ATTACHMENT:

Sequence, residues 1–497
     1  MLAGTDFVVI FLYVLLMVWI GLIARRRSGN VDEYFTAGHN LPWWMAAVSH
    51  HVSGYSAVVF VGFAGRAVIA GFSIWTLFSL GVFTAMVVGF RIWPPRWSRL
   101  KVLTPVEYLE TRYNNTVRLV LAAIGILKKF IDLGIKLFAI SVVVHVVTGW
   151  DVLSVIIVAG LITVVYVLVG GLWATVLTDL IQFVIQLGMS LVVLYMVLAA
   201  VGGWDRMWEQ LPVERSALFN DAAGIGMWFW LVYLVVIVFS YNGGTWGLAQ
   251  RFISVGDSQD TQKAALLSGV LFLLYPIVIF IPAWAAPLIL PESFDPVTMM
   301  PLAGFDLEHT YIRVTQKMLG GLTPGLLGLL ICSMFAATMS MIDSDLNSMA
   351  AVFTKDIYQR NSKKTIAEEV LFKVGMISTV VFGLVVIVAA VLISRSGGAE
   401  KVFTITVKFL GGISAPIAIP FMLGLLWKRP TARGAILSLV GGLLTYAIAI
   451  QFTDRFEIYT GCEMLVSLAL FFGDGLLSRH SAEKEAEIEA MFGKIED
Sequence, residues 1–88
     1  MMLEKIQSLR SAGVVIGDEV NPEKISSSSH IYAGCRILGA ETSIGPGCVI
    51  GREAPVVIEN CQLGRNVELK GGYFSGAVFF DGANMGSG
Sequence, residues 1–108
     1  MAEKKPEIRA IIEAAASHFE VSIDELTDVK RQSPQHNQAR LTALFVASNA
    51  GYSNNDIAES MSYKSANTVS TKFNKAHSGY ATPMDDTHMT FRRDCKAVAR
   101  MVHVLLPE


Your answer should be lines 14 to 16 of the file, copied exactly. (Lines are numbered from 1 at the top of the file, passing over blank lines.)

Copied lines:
    51  GREAPVVIEN CQLGRNVELK GGYFSGAVFF DGANMGSG
Sequence, residues 1–108
     1  MAEKKPEIRA IIEAAASHFE VSIDELTDVK RQSPQHNQAR LTALFVASNA